A Group Sales Training Workshop on Vancouver Island is the source of this edition of THE PROSALESGUY BLOG. Have you ever had a client flip out over an issue that you had no control over? Here’s the best way to handle it.
Meeting client expectations can be demanding work – especially with a client that has a lot of passion, energy and emotion. That enthusiasm can sometimes backfire when things don’t go as planned. In a meeting of highly skilled, technical consultants, we discussed a case study of a client who had ordered time sensitive product that was potentially going to be held up at the border by U.S. Customs.
Feeling like your hands are tied?
In this case, and many that we deal with, there is little to nothing you can do to solve the problem. Yet, speaking those words to your client, don’t seem to help the situation. In fact, this can often throw your client into an emotional tailspin where frustration and anger turns to threats of cancelling all business with you. I have personally been on both sides of this exchange to later reflect and think “What just happened here?”
What Professional Salespeople tend to do
We justify, reason and talk logic. We offer detailed explanations with the facts, revealing there is little to nothing we can do to solve the problem. We think that being rational, clear headed and sincere is the best way to communicate. Actually, it’s the opposite. Here’s why.
What the client hears
Excuses, denials, lack of understanding, unwillingness to act and disrespect. They are saying to themselves – “You are not listening to me and intend to do nothing to solve what I feel is a huge problem.” Wait up for a second – there is nothing you can do about it, right? No, there’s a lot you can do.
1. Shut Up
Your client is emotionally over-charged. They are so busy talking and revealing their feelings that they aren’t capable of listening. The very best thing you can do is look them in the eye, shut up and saying nothing. Actively listen to them, nod your head and let them fully vent. At some point, they will take a breath and stop, almost looking to you for an answer. Do not offer an explanation. Not yet.
2. Paraphrase them
In your own words, sum up their words and feelings and repeat what you heard back to them. Include not just the script of what they said, make sure you include how they said it.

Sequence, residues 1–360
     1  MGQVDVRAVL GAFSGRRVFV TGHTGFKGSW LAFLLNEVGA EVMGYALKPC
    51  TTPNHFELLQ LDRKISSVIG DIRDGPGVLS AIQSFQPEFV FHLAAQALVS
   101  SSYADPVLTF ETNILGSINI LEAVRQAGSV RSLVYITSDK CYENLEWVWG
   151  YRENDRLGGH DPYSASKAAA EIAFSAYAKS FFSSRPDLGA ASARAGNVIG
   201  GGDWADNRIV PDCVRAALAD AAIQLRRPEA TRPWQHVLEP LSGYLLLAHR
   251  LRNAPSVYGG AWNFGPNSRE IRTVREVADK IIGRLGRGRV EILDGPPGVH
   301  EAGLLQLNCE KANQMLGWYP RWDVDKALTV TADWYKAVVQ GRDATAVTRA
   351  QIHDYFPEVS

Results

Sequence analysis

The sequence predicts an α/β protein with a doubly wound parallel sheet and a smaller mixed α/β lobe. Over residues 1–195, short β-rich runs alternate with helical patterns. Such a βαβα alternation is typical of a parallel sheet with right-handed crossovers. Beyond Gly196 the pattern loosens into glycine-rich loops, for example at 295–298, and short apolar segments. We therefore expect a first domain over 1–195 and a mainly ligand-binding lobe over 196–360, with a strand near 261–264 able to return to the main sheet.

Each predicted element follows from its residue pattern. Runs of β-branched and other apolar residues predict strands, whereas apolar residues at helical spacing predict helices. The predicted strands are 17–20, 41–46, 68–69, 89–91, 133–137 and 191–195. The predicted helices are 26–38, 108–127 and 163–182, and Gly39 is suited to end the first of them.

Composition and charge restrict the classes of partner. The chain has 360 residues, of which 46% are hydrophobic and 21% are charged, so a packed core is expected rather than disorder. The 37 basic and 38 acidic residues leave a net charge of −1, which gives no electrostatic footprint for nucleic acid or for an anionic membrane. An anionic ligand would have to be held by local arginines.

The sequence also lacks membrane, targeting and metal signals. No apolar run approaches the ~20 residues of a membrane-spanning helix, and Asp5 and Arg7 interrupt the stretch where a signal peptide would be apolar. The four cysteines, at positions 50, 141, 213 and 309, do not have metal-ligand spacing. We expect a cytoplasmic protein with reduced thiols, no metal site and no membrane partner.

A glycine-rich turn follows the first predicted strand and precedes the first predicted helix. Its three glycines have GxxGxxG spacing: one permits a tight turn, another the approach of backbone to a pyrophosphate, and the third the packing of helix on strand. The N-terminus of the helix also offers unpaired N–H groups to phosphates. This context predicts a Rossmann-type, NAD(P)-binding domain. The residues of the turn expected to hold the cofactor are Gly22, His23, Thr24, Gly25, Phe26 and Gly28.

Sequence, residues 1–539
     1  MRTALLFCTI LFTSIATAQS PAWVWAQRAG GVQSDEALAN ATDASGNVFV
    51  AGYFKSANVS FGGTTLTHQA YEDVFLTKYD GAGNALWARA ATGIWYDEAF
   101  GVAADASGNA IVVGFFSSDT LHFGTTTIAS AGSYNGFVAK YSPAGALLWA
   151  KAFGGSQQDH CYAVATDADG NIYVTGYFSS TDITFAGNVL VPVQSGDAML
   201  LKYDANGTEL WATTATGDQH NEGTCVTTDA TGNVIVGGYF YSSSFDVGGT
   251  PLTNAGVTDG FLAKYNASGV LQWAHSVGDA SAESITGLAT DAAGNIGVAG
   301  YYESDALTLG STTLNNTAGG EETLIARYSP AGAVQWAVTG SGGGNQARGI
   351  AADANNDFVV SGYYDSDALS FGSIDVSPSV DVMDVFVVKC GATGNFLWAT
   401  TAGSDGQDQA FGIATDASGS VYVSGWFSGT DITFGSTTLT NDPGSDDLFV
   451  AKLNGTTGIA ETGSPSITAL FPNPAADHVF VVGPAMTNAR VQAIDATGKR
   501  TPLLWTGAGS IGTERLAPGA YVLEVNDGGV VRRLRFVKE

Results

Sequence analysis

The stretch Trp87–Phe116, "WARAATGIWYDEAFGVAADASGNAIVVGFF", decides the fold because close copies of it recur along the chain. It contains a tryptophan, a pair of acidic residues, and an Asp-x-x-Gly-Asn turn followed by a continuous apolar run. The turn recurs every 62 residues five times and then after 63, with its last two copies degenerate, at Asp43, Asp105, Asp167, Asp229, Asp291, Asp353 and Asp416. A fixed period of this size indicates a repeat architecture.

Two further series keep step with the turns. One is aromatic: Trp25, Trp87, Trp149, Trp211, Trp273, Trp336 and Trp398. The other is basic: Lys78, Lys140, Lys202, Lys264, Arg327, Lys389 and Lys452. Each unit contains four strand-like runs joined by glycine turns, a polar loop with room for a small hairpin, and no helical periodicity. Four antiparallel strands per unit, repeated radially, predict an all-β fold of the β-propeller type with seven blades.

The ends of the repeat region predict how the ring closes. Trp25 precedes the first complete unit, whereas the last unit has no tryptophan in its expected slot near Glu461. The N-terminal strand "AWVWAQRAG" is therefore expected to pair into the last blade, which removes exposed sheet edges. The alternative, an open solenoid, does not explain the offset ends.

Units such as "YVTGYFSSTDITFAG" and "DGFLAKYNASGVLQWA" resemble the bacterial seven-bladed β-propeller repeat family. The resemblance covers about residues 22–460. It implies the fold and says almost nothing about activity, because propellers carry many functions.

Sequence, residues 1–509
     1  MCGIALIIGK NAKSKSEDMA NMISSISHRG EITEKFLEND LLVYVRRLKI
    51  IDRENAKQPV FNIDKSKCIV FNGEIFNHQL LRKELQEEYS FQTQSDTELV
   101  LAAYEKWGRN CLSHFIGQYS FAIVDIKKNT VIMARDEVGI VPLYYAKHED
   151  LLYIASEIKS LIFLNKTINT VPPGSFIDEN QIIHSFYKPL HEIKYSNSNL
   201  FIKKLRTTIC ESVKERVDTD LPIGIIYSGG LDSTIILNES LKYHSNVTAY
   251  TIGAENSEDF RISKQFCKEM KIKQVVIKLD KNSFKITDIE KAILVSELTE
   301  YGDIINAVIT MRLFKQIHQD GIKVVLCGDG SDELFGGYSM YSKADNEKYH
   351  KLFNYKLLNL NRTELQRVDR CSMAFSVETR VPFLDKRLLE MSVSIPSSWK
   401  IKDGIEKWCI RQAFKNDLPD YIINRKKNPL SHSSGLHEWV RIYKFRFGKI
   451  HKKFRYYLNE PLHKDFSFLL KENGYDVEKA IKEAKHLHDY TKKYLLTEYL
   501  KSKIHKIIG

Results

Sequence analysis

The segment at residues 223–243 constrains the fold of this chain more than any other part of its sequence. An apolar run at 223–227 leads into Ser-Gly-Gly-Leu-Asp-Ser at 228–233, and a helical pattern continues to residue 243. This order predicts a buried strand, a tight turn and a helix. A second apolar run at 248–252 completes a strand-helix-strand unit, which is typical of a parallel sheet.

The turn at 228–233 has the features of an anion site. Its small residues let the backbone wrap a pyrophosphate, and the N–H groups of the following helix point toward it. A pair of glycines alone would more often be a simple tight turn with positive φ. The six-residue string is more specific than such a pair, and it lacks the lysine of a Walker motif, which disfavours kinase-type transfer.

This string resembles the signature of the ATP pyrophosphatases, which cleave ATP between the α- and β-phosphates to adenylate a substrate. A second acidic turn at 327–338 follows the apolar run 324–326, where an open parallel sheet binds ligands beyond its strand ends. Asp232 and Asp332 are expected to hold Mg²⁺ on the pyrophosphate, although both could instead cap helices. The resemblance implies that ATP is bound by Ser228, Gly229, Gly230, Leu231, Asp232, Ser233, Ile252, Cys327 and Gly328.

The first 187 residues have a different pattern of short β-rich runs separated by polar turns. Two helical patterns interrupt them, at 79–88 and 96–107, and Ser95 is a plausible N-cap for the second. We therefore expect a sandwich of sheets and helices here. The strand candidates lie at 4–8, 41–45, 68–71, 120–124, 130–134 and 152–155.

Example: “Pauline, I understand. You are more than just upset, you are furious. You expect that when you place an urgent order with us that it arrives on time, no matter who’s responsibility it is to get to you. After all, you are the client and if we wish to continue to do business with you, we better understand that very clearly…”
Now, should I explain the details?
Can you feel the “but” coming? It usually starts like this “…but please understand that (explanation).” Have you ever heard that everything before the But is Bull? But is a negative word. It is condescending and hypocritical. “But” has the abilities to erase everything you just paraphrased. Get rid of it. It’s still not time to offer an explanation our solution.
Just stop talking
Look in the client in the eye after your emotional paraphrase. Wait for Round Two. If it comes, let it happen, then repeat your paraphrase in different words. Again, stop talking. Every time I have done this, here’s what eventually happens.
The wind blows through town
Eventually, the client stops. They realize that you are not putting up a fight. You are not defending your position. You are staying non-emotional and rational. They look at you, look away and take a breath. The wind blows through town. Let it go. Make sure it doesn’t come back by fully allowing them to get it all out.
Now, logic returns
The client becomes calm and thoughts turn to “So, what happened? What’s the best way to deal with this?” Say this to the client. “Please understand, you are my client. I take that relationship very seriously. Here’s what happened and what we CAN do about it.”
Do not talk logic and reason to someone who is being emotional. Shut Up, Listen and Paraphrase. When they are calmer, they are ready to Listen and Fix. Now, leap into action and do the very best you can to help. Let that be thing the client remembers – your abilities to make the best of a bad situation.
By the way, in this case study, the product arrived on the delivery date and was not held up at the US border. How many times have you had a potential situation that looked grim, not occur or not be as bad as initially expected?
What do you think? I’m interested in your opinion in the comments section. I challenge you to try this technique a few times and work it at. You will eventually become an expert in what I call verbal bomb disposal.
PROSALESGUY TRAINING offers Group and Individual Sales Training, Sales Management Mentoring and Consultation, and Business Consulting Services in Victoria, Vancouver, Edmonton and Calgary. Training can be done on site or via web conferencing.
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